The actual number of people that need to be interviewed for a given sample is to some degree less important than the soundness of the fundamental equal probability of selection principle. In other words -- although this is something many people find hard to believe -- if respondents are not selected randomly, we could have a poll with a million people and still be significantly less likely to represent the views of all Americans than a much smaller sample of just 1,000 people -- if that sample is selected randomly.

To be sure, there is some gain in sampling accuracy that comes from increasing sample sizes. Common sense -- and sampling theory -- tell us that a sample of 1,000 people probably is going to be more accurate than a sample of 20. Surprisingly, however, once the survey sample gets to a size of 500, 600, 700 or more, there are fewer and fewer accuracy gains that come from increasing the sample size. Gallup and other major organizations use sample sizes of between 1,000 and 1,500 because they provide a solid balance of accuracy against the increased economic cost of larger and larger samples. If Gallup were to -- quite expensively -- use a sample of 4,000 randomly selected adults each time it did its poll, the increase in accuracy over and beyond a well-done sample of 1,000 would be minimal, and generally speaking, would not justify the increase in cost.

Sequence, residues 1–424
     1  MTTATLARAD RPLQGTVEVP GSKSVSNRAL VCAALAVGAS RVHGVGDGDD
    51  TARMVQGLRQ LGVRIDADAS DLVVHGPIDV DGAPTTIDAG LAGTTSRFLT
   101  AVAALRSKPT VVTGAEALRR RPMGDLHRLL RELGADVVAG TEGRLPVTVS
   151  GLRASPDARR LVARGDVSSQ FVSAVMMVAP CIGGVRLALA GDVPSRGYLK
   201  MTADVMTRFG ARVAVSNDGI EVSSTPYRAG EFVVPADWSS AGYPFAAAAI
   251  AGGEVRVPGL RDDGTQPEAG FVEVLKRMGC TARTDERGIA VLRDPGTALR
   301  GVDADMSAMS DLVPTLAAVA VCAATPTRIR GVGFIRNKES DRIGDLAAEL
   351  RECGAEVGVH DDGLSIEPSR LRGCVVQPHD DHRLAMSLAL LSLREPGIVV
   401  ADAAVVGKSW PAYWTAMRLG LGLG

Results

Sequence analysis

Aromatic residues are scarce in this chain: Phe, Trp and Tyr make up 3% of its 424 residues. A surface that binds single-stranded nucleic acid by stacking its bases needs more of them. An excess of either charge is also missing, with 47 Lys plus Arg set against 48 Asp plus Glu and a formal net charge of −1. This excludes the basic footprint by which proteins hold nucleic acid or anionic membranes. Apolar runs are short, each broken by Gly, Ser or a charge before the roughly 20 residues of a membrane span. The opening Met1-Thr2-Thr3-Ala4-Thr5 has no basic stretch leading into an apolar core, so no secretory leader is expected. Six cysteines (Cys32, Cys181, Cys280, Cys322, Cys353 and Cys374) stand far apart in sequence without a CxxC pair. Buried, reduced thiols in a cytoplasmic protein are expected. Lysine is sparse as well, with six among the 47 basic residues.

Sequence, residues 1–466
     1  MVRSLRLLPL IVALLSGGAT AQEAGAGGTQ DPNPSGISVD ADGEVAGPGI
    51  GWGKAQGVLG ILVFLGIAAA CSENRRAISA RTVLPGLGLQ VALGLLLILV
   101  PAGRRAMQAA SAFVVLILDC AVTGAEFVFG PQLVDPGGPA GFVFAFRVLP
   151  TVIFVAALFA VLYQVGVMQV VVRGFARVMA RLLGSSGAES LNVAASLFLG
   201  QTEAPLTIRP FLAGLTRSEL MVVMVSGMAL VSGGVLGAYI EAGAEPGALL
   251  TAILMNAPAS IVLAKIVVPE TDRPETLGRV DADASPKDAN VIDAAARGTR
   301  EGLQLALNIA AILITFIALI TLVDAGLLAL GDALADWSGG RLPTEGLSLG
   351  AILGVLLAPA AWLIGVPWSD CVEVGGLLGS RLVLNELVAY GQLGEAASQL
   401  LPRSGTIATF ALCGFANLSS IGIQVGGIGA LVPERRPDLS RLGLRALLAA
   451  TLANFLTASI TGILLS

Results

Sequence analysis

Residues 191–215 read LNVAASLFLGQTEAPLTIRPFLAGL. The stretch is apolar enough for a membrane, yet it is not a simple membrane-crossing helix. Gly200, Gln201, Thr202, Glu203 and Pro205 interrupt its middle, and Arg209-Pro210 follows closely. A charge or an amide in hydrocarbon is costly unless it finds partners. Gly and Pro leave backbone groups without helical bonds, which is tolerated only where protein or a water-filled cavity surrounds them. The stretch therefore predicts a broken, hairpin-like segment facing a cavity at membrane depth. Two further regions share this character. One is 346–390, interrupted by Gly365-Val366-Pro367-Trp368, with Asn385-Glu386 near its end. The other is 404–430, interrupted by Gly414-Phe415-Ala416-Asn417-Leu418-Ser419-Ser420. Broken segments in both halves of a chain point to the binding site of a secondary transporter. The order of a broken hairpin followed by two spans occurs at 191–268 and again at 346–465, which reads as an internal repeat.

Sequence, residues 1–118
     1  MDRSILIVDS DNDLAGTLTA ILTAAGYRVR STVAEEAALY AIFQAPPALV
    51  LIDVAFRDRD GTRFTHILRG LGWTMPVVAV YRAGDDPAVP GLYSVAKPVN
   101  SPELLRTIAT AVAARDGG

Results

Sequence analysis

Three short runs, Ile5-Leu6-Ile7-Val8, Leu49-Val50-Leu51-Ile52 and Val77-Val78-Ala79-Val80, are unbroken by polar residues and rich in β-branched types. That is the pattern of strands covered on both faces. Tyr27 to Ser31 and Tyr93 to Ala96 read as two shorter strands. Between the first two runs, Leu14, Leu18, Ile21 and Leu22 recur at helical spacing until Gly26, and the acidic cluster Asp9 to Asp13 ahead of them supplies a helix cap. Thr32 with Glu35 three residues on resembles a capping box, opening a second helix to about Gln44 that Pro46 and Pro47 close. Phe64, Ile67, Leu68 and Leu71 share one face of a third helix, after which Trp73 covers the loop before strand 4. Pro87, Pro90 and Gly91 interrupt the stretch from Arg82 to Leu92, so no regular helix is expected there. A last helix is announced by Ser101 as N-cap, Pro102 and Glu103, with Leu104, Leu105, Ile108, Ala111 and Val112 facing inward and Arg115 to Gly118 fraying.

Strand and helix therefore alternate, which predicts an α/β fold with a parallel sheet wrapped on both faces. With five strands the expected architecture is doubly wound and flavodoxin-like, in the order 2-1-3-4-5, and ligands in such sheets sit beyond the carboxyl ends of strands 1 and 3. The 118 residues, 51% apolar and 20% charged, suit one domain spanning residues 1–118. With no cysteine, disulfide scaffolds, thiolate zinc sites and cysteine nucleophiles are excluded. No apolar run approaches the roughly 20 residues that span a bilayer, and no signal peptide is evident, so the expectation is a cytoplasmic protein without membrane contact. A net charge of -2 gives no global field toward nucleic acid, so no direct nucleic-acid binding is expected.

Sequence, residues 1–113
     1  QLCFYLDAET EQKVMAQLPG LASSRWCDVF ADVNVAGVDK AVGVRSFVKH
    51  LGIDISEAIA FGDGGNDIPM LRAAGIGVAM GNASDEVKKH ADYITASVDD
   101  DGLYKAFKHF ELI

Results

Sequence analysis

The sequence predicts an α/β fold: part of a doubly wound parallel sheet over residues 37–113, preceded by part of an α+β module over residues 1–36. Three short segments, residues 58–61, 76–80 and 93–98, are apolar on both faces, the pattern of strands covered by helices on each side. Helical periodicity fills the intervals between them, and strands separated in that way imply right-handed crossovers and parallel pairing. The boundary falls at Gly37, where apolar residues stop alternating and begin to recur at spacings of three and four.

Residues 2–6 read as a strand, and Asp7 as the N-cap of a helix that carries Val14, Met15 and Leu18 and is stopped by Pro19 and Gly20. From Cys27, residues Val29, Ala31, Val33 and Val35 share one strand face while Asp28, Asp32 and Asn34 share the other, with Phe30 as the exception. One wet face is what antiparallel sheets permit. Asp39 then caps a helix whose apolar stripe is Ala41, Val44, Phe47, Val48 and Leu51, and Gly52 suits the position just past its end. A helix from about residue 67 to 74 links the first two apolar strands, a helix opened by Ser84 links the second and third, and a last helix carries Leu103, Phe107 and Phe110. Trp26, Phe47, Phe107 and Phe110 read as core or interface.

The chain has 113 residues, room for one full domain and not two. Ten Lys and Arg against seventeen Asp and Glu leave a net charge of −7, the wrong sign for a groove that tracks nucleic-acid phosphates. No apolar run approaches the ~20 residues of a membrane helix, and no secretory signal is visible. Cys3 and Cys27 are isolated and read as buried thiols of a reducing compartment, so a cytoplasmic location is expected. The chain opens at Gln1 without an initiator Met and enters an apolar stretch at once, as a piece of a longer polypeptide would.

Statisticians over the years have developed quite specific ways of measuring the accuracy of samples -- so long as the fundamental principle of equal probability of selection is adhered to when the sample is drawn.

For example, with a sample size of 1,000 national adults, (derived using careful random selection procedures), the results are highly likely to be accurate within a margin of error of plus or minus three percentage points. Thus, if we find in a given poll that President Clinton's approval rating is 50%, the margin of error indicates that the true rating is very likely to be between 53% and 47%. It is very unlikely to be higher or lower than that.